William Hurt plays Hanson with gusto. He's lost, hurt, hopeless and hopeful all at the same time. He plays both loner on a journey and father figure to two lonely teens. Despite his ex-convict status, one gets the impression Hanson is not a bad person. Throughout the film, as you learn his past, you understand where his emotions and state of mind come from.

Stewart's character, Martine, is also a lonely person. No caring family and no obvious friends, she takes the trip across the river in hopes of a quick joy ride allowing her to escape her desperate reality. Martine and her existence is believable, however Stewart still has some of her stereotyped panting and hair pulling which can sometimes make it hard to forget that you are watching Kristen Stewart. Forgetting these mannerisms, the part, including the southern accent, are well played.

Gordy, played by Eddie RedMayne, is an extremely awkward character to watch. I can't quite tell if the character is supposed to be that awkward of an individual or if RedMayne over-acted. Though he and Stewart's character are supposed to have chemistry on-screen, it's only when she dislikes him that their chemistry is believable.

Bello is seen through flash-backs and has little effect on the likeability of the film. She effectively plays a beautiful object of caring and desire, but she isn't given enough character depth and screen time to make an impact.

Unfortunately, I did not have much time to research this film before viewing. Upon leaving the theater, my impression was and still is that the acting by Hurt and Stewart was solid (and Redmayne if he was supposed to be that awkward), but there wasn't enough depth to the overall story line. I thought to myself (and out-loud), "this film felt like a short story more than a film". I am, therefore, not surprised to learn it's loosely based on a short story.

With a deeper story line, this film could have invested the audience more. As-is, there just isn't enough of a story to make a successful full-length feature film.


Melinda S  February 25, 2010
Love a good love story.



***** paulinedao princesz A February 23, 2010
A love story at its core, THE YELLOW HANDKERCHIEF is about three strangers of two generations who embark on a road trip through post Katrina Louisiana.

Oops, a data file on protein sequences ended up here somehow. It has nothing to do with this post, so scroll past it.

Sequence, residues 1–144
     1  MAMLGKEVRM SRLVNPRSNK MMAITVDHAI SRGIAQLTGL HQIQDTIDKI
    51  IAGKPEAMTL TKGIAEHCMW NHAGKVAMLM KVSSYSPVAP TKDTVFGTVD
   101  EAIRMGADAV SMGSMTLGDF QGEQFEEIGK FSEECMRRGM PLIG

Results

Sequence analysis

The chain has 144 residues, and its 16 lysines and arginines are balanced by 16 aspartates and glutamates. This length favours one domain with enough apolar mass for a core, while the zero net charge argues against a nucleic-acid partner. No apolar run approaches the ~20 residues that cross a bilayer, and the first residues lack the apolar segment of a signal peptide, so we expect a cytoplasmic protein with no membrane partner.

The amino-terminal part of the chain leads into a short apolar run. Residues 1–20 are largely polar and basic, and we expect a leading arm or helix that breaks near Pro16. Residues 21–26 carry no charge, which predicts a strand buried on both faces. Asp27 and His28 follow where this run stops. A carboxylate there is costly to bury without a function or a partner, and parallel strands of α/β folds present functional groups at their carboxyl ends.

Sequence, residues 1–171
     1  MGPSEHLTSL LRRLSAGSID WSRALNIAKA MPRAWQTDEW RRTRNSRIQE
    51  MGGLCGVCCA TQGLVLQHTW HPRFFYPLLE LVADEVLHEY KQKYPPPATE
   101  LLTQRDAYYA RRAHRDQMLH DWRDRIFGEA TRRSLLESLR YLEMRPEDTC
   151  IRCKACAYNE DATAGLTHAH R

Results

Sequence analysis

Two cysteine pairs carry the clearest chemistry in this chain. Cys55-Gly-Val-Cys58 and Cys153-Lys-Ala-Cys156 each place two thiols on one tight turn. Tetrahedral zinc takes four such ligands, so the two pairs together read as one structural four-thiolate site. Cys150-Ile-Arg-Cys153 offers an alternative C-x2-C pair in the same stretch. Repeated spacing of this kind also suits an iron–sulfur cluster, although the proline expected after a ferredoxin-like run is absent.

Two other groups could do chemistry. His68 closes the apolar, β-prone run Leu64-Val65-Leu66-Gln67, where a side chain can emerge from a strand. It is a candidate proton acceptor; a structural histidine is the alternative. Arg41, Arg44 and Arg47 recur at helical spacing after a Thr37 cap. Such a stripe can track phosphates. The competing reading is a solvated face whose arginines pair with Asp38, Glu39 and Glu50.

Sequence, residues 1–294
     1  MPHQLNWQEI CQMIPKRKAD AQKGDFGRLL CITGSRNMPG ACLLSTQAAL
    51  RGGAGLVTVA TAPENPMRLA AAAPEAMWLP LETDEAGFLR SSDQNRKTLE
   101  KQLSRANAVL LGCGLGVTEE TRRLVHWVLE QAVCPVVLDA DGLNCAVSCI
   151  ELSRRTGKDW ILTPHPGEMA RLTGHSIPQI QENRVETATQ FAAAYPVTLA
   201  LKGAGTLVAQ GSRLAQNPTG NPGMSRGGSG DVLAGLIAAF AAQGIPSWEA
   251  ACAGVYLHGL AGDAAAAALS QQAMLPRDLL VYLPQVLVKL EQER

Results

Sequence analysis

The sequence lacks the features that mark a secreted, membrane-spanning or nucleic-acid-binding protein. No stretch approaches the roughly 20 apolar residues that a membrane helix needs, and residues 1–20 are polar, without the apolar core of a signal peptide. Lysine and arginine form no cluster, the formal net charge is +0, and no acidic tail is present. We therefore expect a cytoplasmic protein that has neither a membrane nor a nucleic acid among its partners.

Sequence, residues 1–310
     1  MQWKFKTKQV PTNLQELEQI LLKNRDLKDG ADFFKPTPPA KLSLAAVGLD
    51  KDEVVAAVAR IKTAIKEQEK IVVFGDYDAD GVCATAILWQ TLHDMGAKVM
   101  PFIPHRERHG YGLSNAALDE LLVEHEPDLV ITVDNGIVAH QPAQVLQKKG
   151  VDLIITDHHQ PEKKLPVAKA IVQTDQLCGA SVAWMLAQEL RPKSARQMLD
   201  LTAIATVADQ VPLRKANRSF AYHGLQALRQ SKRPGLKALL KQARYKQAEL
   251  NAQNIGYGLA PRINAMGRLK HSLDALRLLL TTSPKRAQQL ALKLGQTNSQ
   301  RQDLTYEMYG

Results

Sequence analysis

Roger Ebert
March 10, 2010  |

The action in "The Yellow Handkerchief" takes place within the characters, who don't much talk about it, so the faces of the actors replace dialogue. That's more interesting than movies that lay it all out. This is the story of three insecure drifters who improbably find themselves sharing a big convertible and driving to New Orleans not long after Hurricane Katrina.

The car's driver is a painfully insecure teenager named Gordy (Eddie Redmayne), who doubts most of what he does and seems to apologize just by standing there. At a rural convenience store, he encounters Martine (Kristen Stewart), running away from her life. He says he's driving to New Orleans. No reason. She decides to come along. No reason. They meet a quiet, reserved man named Brett (William Hurt), and she thinks he should come along. No particular reason.

We now have the makings of a classic road picture. Three outsiders, a fabled destination, Louisiana back roads and a big old convertible. It must be old because modern cars have no style; three strangers can't go On the Road in a Corolla. It must be a convertible because it makes it easier to light and see the characters and the landscape they pass through. They must be back roads because what kind of a movie is it when they drive at a steady 70 on the interstate?

The formula is obvious, but the story, curiously, turns out to be based on fact. It began as journalism by Pete Hamill, published in the early 1970s. In the movie's rendition, Brett fell in love with a woman named May (Maria Bello), then spent six years in prison for manslaughter charges, although his guilt is left in doubt. Martine slowly coaxes his story out of the secretive man.